Part 2 – What is Attachment
What are the needs babies have? Basic needs for all of us humans are food, water, air, clothing and shelter from the environment. Research has also shown that included in our basic needs is physical touch/connection. Babies who have all their other needs met but were deprived of physical touch were unable to grow. This is called failure to thrive. In fact, in research by Bowlby of children in orphanages during WWII who had their basic needs met but were not touched, found that they did worse than those who were in families with little means, but who did receive physical touch. In his book, Born for Love, Bruce Perry states that “neurobiological research is clear that if children do not receive love, there is great insult on their development”.
The other extremely important part of this process is the development of emotional regulation. During this first year the part of the brain that is being developed is our limbic system, which is responsible for emotional regulation. Every time stress goes up due to a need, the need is met and the baby is comforted, her stress comes back down. This up and down practice is what creates the ability for healthy emotional regulation. Babies do not have the ability to calm themselves on their own. This quality is learned from/received from the caregiver. When left to calm on their own baby’s brain releases chemicals to do the calming. These chemicals can also damage brain cells and this creates a new baseline stress response.
Disrupted Attachment Cycle – First Year
In the work we do with kiddos from orphanages, it looks like this. Infant experiences hunger, is wet or cold, is in pain, or needs physical touch or attention……… and then as they are wired to do, they cry to express their need. Unfortunately in orphanages, there are usually too many children to caregivers and babies are not attended to when they cry. Instead they may be on a schedule and needs are not met as they are expressed. So they cry and cry and their body jumps in to help and produces chemicals, like cortisol to help itself calm. If no one comes enough times, the baby will learn to stop crying. The baby has learned that crying makes no difference…. And that it doesn’t help to express their need. Time and time again I hear parents who have received there precious little one from an orphanage and they say something like, “she is the best baby, she never cries”. And we try to explain to the parents that this is not actually a good thing. We instead celebrate when this little one begins to cry to express their needs because it shows that he/she is beginning to trust that it will be met.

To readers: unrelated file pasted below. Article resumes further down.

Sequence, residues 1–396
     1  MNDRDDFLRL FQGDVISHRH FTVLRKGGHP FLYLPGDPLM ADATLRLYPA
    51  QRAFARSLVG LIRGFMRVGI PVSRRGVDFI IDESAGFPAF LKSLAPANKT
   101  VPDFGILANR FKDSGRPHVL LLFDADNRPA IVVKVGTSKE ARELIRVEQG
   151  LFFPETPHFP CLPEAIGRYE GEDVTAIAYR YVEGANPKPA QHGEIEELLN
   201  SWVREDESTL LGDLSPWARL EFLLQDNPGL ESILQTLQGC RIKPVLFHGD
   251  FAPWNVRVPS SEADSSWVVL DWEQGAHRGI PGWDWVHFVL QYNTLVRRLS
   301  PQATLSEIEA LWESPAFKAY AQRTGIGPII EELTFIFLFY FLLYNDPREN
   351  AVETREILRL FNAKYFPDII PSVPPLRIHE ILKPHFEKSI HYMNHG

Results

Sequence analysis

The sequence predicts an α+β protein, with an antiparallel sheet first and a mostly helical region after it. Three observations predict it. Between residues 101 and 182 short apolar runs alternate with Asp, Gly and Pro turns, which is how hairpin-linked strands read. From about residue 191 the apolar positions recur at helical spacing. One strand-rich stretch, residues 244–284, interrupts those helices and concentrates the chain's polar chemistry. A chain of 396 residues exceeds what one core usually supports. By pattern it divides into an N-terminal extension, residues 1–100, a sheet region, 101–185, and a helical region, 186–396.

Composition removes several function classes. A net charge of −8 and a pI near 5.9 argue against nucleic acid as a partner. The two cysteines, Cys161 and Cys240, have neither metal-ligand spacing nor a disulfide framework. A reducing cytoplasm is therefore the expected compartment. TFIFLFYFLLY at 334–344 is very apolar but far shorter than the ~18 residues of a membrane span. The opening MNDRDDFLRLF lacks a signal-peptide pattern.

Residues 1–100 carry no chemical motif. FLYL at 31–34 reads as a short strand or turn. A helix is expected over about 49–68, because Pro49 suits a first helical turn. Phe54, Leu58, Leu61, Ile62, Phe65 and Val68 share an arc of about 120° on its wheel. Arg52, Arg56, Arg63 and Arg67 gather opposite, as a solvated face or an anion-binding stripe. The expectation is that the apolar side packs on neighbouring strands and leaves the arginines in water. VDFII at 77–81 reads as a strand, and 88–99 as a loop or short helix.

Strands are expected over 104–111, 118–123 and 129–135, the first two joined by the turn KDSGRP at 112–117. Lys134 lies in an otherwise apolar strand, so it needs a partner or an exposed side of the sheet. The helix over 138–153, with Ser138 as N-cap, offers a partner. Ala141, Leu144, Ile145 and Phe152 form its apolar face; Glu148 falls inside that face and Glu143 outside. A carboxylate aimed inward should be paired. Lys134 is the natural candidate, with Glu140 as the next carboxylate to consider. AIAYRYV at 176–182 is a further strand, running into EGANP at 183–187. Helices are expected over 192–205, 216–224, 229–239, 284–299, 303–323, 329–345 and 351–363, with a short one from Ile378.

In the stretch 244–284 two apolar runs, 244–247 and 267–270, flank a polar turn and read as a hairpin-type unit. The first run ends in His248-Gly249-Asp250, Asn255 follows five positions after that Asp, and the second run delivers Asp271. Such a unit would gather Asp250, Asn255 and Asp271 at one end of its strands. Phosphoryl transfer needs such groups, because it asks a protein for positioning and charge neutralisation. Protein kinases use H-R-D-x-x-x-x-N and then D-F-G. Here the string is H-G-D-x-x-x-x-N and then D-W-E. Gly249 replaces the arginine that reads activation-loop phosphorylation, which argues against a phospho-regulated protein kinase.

Another thing we often see is if the parent isn’t able to soothe and calm the infant for reasons that are out of their control. I am working with a sweet client who was born super early and only weighed 2 lbs. This little one’s first experience of the world was not calming or soothing, it was essentially torture. The doctor explained to mom and dad that even touching her would be painful to her. Like this, in many cases it is not possible for the parent to provide what baby needs. And then their emotional regulation process is affected and we have to go back and re-create a repairative experience to make new pathways and reset their nervous system.
Attachment and Crying
Another example that I have seen is when a parent is not able to tolerate their infant’s cry’s, due to their own early pain. It is normal for us to react to the cry of our infant and want to soothe them, but when a parent can’t allow them to cry at all, the infant doesn’t gain the practice of experiencing the stress. As important as it is to be soothed, is to learn to experience and tolerate the stress. These children also don’t learn the ability to regulate their emotions. Then when the smallest stress comes they can’t tolerate it. In this case a reparative process is also necessary.
Some things that can cause a disruption to the normal attachment process include neglect, abuse, separation from the primary caregiver, changes in the primary caregiver, frequent moves/placements, traumatic experiences, maternal depression parental drug use or a parent’s own attachment issues, chronic pain such as colic, or a child not being allowed to express their need.
There are books and websites that have great information on attachment parenting. And they do the first year stuff really well. And some, not all, but some cover the next step, the second year that is equally as important. Many though, forget to cover how important it is to complete the next level of attachment development which is to help our child learn to tolerate hearing “no” and limiting their wants.
Next week we will finish with part 3 – Attachment and the 2nd year. If you would like to read part 1 of this article please click on the link.